There is no denying that the bulk of skits included here revolve around Farley's ample girth. The anthology even features a montage of the actor smashing things that he falls into – coffee tables, walls, etc. Among Farley's best-known sketches is his face-off against Patrick Swayze to be a Chippendale's dancer. The scene is certainly funny -- but it's tempered a bit once you realize that, hey, the entire joke is that the guy was fat.
Still, this DVD also reminds us what a committed showman Farley was. His turn as motivational speaker Matt Foley -- a 35-year-old man who is divorced and lives (c'mon, say it with me) in a van down by the river! -- is a thing of genius. Equally inspired is "The Chris Farley Show," in which our incompetent fanboy interviewer finds himself hopelessly ill-equipped to chat with the likes of Paul McCartney and Martin Scorsese. Another great, and less celebrated, sketch is Farley as a hapless Midwesterner stuck on a bizarre and potentially dangerous Japanese game show.
Only one complaint, but it's a notable one: While this best-of DVD is consistently funny, too many sketches are truncated into pointless montages.
A healthy slice of bonus features include a two-minute dress sketch (subsequently cut from the live show); three-minute, 39-second grouping of outtakes; and a one-minute, 30-second family album (pics of Chris as a child and teenager) that ends with an anti-drug message from the Chris Farley Foundation.
Also included is a photo gallery, an appearance on TV's Late Night with Conan O'Brien (6:23) and The Tonight Show with Jay Leno (5:22).
The Best of Adam Sandler
While Adam Sandler has devoted most of his post-SNL output to tongue-kissing the Lowest Common Denominator, his work on the program from 1990 to 1995 wasn't quite so dumb. This collection provides a nice sampling of his more memorable moments on the show.
In Sandler's better efforts, he created characters that seemed to resonate with authenticity. By way of example, we have "The Denise Show." In it, he plays Brian, a young man who uses his public-access TV show to vent his heartbreak and misery over being dumped by his girlfriend. Anyone who has endured a brutal breakup -- or knows someone who has -- will appreciate Sandler's dead-on shtick.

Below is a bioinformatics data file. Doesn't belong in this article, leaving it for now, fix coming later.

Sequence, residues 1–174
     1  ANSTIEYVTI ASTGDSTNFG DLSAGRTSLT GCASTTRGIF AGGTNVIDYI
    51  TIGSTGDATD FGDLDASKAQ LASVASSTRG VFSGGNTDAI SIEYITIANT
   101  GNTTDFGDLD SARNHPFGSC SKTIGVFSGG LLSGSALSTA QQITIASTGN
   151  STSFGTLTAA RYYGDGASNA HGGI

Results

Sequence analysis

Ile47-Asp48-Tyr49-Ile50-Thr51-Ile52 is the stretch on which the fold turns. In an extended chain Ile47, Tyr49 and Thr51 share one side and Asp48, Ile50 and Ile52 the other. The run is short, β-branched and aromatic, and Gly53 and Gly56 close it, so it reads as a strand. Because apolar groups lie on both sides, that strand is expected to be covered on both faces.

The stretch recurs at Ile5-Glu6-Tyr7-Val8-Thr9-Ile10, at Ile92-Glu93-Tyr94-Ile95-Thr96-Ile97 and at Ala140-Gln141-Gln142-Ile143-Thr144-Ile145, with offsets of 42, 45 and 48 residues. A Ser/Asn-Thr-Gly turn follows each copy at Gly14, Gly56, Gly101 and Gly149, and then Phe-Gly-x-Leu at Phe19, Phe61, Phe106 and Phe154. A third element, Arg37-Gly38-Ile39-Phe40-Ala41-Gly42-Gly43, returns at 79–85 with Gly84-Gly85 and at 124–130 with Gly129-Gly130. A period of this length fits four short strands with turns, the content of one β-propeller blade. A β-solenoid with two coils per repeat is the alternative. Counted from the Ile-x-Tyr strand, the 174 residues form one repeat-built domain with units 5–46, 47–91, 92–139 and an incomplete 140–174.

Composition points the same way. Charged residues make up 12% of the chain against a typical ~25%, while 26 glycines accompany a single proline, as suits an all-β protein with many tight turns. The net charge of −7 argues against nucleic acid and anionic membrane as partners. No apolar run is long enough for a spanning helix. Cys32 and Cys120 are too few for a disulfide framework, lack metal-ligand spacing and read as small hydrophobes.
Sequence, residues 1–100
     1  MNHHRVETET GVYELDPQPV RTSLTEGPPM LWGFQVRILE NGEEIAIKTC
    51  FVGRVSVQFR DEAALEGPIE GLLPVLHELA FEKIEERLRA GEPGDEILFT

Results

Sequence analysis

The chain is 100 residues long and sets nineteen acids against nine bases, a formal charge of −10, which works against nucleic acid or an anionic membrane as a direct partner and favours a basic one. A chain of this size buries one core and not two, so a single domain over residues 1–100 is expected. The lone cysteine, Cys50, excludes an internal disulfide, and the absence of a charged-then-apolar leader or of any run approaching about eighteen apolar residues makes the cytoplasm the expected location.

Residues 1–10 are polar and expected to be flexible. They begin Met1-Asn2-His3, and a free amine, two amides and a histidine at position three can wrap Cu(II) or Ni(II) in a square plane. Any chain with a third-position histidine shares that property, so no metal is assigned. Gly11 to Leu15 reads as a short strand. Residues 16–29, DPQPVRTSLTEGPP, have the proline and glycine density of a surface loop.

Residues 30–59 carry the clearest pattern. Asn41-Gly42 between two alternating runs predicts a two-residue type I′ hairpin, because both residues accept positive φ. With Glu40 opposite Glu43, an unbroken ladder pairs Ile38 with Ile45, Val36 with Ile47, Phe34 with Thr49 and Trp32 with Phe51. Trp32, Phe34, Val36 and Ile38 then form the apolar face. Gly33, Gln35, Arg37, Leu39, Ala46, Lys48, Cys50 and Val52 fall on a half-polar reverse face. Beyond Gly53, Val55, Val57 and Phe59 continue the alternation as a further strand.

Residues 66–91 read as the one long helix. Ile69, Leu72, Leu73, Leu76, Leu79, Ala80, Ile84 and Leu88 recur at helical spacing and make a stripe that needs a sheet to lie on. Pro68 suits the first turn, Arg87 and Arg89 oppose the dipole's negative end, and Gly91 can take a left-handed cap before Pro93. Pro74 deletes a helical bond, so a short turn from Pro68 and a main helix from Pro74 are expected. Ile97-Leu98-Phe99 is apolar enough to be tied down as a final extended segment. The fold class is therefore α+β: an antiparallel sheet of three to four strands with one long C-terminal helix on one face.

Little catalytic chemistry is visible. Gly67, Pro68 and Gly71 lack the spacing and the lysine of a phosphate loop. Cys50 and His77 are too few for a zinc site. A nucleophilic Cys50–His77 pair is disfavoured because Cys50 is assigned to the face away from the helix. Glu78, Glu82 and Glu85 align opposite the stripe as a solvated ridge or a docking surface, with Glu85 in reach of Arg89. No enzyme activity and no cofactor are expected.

Of course, Sandler's novelty songs are also terrific. His first SNL performance of "The Chanukah Song" is still fresh and funny, partly because Sandler is having such a good time singing it. Unfortunately, the DVD does not include another Sandler SNL ditty, "Red-Hooded Sweatshirt."
Another highlight included here, "Canteen Boy," is a cringe-inducing -- but very funny -- skit in which Alec Baldwin portrays a lecherous Boy Scout leader out to seduce the titular character, played by Sandler.
Other highlights include the clever "Schmitt's Gay" beer commercial, Sandler's performance of "Lunch Lady Land" (which also shows up on the Farley DVD) and a few appearances by "Opera Man."
A lame photo gallery is the sole extra on this disc.
The Best of Eddie Murphy
In Eddie Murphy's all-too-brief stint on Saturday Night Live from 1980 through late 1983, he and fellow SNLer Joe Piscopo practically kept the show afloat by themselves. Murphy's humor was sharp and edgy, and his breakout performance on the show soon catapulted him into superstardom.
The Best of Eddie Murphy is a comprehensive collection of his finest bits on SNL. In fact, it might be a bit too comprehensive. Several skits are devoted to the comedian's winning impression of the "Little Rascals'" Buckwheat (pronounced Buh-Weet), while his other comic creations -- Mr. Robinson (a ghettoized Fred Rogers) and pimp Velvet Jones ("I Wanna Be a Ho") get two sketches apiece. They're funny, but the amount included here smacks of overload.